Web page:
Amanda Spratt would not be surprised to see the Santos Women's Tour Down Under step up to the Women's WorldTour as early as 2021. The Mitchelton-Scott all-rounder is preparing to win a fourth-consecutive title at the event held from January 16-19 and told Cyclingnews that she is impressed by its level of professionalism.
"It surprises me that it's not WorldTour already," Spratt told Cyclingnews. "I thought that this was an event that would go WorldTour [sooner] but I also think it has taken it step-by-step. It's still a young event, four years now, so I think each year it grows."
Organisers of the Santos Women's Tour Down Under announced last October that it will be offering live streaming of the four-day race. Race director Kimberly Conte said that while she was thrilled that the race has been elevated to the new ProSeries status, the overall goal is to become part of the future Women's WorldTour.
"It's Pro Series this year and I wouldn't be surprise to see it WorldTour next year," Spratt said.
"They are smart about it and this year we will have live TV coverage for all the stages, which is something we haven't had before. That will be really good. If that goes well, I can see it stepping up to the WorldTour.
"Tour Down Under is such a professional race in the way it's run. They look out for the teams, the stages have dynamic courses, and it's exciting racing."
Katrin Garfoot won the inaugural Women's Tour Down Under in 2016 and Spratt has won the overall titles on the three subsequent editions.
The Women's Tour Down Under is just one event in a block of racing offered in Australia in January and February. The season started at the Bay Crits and then moved into the Australian National Championships where Spratt hopes to do well in the elite women's road race on Saturday. Then there is the Santos Women's Tour Down Under followed by the new Race Torquay (January 30), Cadel Evans Great Ocean Road Race (February 2) and Herald Sun Tour (February 5-6).
Women's WorldTour set to kick off at Cadel Evans Great Ocean Road Race
The UCI announced last summer that the Women's WorldTour would, for the first time, kick off with the Cadel Evans Great Ocean Road Race on February 2 in Geelong. Like the Tour Down Under, Spratt said the Cadel Evans Great Ocean Road Race is one of the most professional events she competes in all season. She hopes that in future the two races will draw in more top-tier European riders and teams.
"I think it's fantastic," she said. "Since the first year that the race started it's always been so well run and so professional. They always look after us so well. It's had live TV coverage every year. It's more professional than a lot of the one-day races that we have in Europe. I'm really happy and proud to see it go WorldTour status.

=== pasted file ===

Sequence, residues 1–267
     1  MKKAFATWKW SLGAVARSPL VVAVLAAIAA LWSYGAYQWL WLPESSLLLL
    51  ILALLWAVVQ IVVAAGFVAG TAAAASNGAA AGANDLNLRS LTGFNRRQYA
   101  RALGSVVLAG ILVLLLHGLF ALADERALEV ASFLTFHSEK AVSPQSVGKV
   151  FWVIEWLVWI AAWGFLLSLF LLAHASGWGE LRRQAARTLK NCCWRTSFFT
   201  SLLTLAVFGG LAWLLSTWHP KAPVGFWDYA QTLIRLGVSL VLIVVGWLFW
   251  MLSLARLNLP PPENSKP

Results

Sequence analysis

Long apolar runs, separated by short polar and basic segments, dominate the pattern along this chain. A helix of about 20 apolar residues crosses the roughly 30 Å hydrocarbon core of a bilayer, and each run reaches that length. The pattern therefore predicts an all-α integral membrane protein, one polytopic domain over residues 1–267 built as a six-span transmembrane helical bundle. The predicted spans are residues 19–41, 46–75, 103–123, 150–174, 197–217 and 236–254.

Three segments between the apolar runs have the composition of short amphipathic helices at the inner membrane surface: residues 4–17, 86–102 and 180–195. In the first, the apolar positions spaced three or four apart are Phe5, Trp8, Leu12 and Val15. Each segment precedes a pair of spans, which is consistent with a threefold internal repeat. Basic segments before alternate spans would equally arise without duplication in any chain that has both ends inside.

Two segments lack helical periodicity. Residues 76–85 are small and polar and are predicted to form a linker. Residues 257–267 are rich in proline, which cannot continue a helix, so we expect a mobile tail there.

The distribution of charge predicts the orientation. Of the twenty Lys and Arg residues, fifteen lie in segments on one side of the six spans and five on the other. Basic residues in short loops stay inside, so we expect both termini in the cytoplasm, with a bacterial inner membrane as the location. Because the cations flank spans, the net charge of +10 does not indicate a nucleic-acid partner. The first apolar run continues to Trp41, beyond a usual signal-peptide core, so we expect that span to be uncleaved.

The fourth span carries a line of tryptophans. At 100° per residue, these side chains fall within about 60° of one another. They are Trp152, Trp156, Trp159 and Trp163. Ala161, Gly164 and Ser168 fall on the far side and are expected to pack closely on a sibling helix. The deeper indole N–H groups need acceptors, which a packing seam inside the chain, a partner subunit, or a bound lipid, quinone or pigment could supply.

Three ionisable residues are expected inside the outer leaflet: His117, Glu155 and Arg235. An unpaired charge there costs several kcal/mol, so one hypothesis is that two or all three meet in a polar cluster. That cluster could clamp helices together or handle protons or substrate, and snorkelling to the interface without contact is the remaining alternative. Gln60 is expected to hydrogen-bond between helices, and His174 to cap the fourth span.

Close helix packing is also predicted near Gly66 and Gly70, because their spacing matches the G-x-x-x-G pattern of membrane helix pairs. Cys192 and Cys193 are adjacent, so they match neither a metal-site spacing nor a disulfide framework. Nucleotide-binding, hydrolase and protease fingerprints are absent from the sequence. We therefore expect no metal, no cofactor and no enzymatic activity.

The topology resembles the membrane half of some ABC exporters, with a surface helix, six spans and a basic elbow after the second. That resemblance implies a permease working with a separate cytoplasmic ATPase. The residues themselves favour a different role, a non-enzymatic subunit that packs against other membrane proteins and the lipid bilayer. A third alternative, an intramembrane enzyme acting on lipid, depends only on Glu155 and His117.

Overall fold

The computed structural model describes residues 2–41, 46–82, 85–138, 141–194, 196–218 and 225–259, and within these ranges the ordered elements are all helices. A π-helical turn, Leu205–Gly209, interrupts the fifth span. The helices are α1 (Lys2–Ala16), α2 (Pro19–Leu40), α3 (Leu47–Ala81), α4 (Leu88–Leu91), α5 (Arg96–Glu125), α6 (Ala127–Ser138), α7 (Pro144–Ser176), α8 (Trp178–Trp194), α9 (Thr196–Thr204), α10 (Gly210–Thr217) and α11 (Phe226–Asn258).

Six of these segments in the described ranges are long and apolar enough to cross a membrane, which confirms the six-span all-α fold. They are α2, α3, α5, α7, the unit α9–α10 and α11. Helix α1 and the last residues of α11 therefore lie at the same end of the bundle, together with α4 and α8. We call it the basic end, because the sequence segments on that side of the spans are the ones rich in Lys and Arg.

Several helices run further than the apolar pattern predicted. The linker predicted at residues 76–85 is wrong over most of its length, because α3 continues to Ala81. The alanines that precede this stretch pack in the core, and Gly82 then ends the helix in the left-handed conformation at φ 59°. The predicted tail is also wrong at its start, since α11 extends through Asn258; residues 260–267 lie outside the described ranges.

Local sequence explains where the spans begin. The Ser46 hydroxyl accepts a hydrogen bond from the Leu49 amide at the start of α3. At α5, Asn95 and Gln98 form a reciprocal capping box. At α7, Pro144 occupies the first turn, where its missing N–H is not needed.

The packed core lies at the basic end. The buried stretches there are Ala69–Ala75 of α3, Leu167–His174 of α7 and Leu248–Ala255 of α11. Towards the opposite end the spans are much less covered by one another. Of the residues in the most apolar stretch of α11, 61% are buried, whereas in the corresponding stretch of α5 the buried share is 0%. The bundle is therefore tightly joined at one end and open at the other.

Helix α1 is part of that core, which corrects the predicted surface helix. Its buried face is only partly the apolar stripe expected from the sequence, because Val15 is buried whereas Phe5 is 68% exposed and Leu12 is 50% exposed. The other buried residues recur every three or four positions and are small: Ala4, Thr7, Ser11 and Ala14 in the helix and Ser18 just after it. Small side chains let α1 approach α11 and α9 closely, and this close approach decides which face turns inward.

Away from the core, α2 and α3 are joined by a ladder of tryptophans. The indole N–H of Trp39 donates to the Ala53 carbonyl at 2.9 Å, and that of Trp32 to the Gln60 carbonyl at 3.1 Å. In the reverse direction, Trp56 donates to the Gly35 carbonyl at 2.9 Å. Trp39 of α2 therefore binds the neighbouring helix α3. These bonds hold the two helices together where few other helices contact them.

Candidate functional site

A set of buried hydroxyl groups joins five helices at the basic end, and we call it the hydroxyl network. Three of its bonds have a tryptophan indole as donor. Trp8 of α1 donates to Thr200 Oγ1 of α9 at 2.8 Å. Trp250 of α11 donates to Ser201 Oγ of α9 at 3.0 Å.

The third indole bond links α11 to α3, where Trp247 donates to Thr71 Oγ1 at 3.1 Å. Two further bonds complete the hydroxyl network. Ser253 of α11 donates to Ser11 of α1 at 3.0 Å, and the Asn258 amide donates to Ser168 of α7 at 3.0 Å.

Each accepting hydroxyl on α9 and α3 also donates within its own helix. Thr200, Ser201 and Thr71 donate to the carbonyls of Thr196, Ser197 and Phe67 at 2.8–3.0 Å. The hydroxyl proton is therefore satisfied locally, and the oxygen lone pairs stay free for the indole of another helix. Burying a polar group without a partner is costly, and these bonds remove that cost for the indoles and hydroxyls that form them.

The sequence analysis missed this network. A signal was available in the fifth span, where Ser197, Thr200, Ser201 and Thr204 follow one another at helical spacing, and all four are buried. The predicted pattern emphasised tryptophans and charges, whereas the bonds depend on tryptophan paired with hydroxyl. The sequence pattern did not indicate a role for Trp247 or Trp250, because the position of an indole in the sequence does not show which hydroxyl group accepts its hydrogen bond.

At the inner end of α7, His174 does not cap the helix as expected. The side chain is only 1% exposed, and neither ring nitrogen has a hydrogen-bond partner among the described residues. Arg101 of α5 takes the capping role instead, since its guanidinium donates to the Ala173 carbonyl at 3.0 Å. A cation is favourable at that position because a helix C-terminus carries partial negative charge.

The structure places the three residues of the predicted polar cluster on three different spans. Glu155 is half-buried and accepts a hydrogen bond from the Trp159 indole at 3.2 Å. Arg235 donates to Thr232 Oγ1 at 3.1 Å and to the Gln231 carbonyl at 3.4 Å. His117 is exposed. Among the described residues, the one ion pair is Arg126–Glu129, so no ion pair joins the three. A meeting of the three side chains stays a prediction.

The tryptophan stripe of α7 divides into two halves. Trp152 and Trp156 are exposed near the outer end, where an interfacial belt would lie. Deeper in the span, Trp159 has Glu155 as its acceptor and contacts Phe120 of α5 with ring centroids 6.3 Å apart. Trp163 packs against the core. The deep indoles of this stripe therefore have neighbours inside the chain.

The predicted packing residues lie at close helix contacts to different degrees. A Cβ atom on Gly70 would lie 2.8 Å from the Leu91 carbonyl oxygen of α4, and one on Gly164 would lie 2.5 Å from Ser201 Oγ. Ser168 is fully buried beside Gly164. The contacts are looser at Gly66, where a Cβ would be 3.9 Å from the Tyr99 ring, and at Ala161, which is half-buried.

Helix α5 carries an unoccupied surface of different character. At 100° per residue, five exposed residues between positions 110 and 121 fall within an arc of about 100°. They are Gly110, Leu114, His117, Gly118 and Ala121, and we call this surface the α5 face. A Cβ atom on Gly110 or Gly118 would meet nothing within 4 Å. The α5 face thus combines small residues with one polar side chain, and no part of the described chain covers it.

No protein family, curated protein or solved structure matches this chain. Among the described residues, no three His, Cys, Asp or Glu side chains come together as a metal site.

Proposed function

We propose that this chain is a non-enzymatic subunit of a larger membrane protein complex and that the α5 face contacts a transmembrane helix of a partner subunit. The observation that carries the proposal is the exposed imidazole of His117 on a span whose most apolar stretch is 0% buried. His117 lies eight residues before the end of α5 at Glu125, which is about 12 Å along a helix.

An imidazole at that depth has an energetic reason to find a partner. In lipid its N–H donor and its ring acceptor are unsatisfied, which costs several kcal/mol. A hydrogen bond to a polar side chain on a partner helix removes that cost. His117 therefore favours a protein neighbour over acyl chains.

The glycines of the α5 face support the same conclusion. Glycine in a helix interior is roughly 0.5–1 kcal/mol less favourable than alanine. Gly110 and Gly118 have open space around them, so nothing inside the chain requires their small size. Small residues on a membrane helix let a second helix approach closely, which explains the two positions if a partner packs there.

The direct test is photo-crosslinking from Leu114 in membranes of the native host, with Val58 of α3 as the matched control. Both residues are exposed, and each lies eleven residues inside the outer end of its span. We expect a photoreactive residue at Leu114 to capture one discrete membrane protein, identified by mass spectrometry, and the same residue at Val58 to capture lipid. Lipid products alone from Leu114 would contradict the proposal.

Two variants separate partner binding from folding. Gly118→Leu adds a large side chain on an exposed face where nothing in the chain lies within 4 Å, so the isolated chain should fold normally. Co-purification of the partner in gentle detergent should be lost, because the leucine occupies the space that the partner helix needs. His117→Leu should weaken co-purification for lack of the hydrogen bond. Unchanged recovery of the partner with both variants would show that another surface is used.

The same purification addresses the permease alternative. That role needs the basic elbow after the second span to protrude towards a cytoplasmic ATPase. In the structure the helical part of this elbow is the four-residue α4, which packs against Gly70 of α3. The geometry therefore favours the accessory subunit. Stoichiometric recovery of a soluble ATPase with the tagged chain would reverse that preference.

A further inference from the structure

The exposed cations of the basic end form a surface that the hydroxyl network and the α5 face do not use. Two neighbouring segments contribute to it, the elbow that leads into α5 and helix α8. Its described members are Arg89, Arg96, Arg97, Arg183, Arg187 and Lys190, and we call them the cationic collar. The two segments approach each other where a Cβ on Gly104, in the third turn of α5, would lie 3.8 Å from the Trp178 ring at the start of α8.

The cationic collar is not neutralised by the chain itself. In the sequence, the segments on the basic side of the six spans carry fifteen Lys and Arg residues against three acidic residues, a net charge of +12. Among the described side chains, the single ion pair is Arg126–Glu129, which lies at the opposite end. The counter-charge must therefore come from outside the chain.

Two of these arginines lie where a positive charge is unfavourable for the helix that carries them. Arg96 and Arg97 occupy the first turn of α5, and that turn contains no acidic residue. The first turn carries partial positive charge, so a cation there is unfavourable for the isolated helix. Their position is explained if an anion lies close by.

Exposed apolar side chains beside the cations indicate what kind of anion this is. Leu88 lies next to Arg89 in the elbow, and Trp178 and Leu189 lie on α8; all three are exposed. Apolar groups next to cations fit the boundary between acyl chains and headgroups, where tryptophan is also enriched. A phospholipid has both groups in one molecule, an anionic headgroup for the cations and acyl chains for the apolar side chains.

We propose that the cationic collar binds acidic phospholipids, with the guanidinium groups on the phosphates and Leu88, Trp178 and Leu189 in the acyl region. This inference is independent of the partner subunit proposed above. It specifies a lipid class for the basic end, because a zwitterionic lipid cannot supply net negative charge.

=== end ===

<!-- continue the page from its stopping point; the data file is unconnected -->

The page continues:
"I hope it will bring more teams down to race here. I think having Tour Down Under and the Cadel Evans race held together is helping. Tour Down Under is also moving up in its status, too. Maybe because it's an Olympic year some riders and teams won't want to change around their schedules too much this year, but I think it will really grow a lot in future."
Spratt said that she is in good form for the Australian block of racing and expects to have some good performances in front of home crowds. But she noted that her main targets will be further into the season at the Ardennes Classics in April, Giro Rosa and Tokyo Olympic Games in July, and the UCI Road World Championships in September.
"I'll take the same approach as I have done in the last couple of years, so not in peak form, but in good shape," said Spratt. "I would love to win some of the Australian races.
"The Nationals road race is a big target and then the Tour Down Under and Cadel Evans race. I'll head straight to Europe after Cadel Evans race. I love racing in Australia in front of a home crowd and I'm always motivated and excited to race here."
Kirsten Frattini is an honours graduate of Kinesiology and Health Science from York University in Toronto, Canada. She has been involved in bike racing from the grassroots level to professional cycling's WorldTour. She has worked in both print and digital publishing, and started with Cyclingnews as a North American Correspondent in 2006. Moving into a Production Editor's role in 2014, she produces and publishes international race coverage for all cycling disciplines, edits news and writes features. Currently the Women's Editor at Cyclingnews, Kirsten coordinates global coverage of races, news, features and podcasts about women's professional cycling.
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